Last week I had the good fortune to be invited to speak at a teen writing workshop with friend and fellow writer Angela Misri. I was amazed by their enthusiasm and creativity, especially when we put them into groups and got them to come up with a story idea, then pitch it to us. Some pretty hilarious concepts ensued, the winner being an abominable snowman and sasquatch who fell in love online and whose epic meet-up is threatened by climate change as the polar ice caps melt. (Another mention was Heil Humpty, about a sentient, Nazi-sympathizing, man-eating egg à la Little Shop of Horrors – don’t ask).
Anyway, silliness aside, it got me thinking how important it is to have people we can bounce our ideas off of. Too often, writing is a solitary process. We spend all day at our computers
surfing the net and social media creating and there’s no one around, except maybe the cat or the mailman, who we can get an opinion from.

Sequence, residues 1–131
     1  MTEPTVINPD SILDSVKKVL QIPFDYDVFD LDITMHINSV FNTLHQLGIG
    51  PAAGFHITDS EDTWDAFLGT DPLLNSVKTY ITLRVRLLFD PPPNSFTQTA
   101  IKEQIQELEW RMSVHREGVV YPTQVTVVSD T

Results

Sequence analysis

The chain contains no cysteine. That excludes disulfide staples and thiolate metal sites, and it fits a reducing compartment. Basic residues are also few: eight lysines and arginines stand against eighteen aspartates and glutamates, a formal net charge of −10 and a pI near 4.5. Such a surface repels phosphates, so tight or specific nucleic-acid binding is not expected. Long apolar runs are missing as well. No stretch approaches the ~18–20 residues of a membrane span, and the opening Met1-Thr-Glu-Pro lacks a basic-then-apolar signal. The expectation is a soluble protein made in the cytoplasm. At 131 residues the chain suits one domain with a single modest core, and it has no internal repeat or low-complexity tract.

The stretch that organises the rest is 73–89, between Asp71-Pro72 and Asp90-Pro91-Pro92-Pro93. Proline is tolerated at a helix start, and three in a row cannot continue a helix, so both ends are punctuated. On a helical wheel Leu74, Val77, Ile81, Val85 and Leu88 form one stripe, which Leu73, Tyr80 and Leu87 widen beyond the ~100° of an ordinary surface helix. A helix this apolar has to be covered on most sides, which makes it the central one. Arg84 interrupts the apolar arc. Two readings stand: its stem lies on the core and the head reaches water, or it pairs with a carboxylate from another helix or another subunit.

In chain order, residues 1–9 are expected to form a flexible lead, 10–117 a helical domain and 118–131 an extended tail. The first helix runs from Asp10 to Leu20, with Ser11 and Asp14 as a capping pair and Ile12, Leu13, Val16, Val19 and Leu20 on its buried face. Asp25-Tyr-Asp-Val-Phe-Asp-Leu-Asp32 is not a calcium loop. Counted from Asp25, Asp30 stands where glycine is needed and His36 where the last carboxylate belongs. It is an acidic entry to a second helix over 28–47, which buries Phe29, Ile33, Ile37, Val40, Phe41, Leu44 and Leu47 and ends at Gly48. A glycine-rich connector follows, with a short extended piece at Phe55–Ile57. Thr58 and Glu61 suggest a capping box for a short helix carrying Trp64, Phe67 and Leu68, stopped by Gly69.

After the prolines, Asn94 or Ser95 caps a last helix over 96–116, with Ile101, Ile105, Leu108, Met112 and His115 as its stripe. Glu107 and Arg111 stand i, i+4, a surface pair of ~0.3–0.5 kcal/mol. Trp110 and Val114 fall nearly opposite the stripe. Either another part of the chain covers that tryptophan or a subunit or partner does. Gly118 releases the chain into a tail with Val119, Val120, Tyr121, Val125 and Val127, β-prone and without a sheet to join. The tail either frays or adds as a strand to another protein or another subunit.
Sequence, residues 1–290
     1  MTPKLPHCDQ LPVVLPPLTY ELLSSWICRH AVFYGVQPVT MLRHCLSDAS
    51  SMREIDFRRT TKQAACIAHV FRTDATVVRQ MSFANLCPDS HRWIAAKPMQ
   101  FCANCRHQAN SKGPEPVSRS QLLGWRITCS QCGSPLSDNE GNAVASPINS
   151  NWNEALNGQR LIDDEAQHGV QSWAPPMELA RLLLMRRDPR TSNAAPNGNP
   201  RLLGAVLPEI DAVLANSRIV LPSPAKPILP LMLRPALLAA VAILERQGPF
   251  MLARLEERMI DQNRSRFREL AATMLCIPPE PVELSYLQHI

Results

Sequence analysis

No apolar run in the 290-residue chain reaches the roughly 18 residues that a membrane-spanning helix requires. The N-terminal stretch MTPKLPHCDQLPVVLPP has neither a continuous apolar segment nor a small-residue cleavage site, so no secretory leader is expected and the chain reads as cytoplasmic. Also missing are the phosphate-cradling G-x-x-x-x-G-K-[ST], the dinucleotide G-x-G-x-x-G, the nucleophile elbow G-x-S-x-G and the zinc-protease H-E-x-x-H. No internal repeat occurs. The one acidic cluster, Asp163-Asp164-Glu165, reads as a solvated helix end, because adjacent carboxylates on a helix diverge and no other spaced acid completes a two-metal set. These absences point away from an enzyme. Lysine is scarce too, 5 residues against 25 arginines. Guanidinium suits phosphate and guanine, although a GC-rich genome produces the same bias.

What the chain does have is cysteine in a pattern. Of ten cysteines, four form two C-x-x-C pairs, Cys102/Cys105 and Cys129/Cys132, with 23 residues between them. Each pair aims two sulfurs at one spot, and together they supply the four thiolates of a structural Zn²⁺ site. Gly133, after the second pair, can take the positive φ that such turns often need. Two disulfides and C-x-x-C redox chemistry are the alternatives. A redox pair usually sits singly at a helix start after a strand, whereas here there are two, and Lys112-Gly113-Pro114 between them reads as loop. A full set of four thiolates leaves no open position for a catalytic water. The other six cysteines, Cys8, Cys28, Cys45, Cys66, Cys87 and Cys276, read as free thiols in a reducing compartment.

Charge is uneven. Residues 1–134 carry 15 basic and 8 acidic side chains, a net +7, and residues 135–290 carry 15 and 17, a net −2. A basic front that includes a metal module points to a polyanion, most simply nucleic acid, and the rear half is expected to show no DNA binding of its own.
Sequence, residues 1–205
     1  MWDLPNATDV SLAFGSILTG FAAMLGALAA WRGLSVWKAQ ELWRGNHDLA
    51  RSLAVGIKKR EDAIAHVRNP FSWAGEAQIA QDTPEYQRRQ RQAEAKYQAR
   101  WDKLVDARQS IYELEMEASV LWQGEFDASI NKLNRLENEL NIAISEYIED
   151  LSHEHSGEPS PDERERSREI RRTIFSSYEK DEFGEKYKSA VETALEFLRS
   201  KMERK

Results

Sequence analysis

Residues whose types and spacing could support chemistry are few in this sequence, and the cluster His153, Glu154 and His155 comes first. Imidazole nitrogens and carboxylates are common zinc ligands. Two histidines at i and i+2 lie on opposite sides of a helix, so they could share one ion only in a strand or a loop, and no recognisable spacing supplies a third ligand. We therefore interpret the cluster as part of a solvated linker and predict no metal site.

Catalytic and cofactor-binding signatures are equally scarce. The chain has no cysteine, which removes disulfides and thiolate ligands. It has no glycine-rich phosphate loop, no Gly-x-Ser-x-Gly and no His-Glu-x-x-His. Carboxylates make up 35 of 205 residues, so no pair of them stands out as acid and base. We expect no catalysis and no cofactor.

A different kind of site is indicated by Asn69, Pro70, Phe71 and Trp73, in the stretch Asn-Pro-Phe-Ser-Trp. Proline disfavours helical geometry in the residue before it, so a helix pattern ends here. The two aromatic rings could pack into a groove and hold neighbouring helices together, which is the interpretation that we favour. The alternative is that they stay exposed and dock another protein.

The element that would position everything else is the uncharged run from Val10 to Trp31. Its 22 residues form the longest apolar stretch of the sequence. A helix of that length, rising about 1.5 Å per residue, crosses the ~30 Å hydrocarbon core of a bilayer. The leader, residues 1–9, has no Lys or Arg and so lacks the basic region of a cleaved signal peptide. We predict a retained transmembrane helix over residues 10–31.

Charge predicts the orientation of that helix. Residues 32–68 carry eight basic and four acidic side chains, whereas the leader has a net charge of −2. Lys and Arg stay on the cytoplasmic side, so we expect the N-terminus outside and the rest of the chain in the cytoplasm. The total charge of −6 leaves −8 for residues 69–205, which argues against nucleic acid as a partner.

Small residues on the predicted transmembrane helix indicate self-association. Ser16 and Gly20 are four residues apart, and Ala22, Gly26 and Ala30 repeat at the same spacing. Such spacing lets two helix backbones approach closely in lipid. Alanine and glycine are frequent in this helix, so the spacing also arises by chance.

Sometimes writers also fear that their ideas will be stolen. When I was a literary agent I encountered this frequently. A few people were even afraid to send in their manuscript in its entirety for fear of being plagiarized (this almost never happens). Also, sometimes we’re afraid of sharing because we don’t want our ideas or writing to be judged. We want to perfect things before anyone sees them. This might work for some but I say the sooner the feedback, the better. If you spend months and years tweaking something and then a reader points out that it doesn’t work/make sense/serve the story, think of all the time and effort that could have been saved.
Writers shouldn’t let things things like this keep them and their work isolated. Of course, if that’s how you prefer things, then that’s great. Personally, I’m a social creature and like having others I can hash things out with, whether online, or in a real physical location.
What about you? What’s your process?
AngelaApril 30, 2015 - 11:06 pm ·
I am very picky about my writer’s groups (both real and virtual on Facebook and other social mediums) but I invariably find that other writers make my writing better.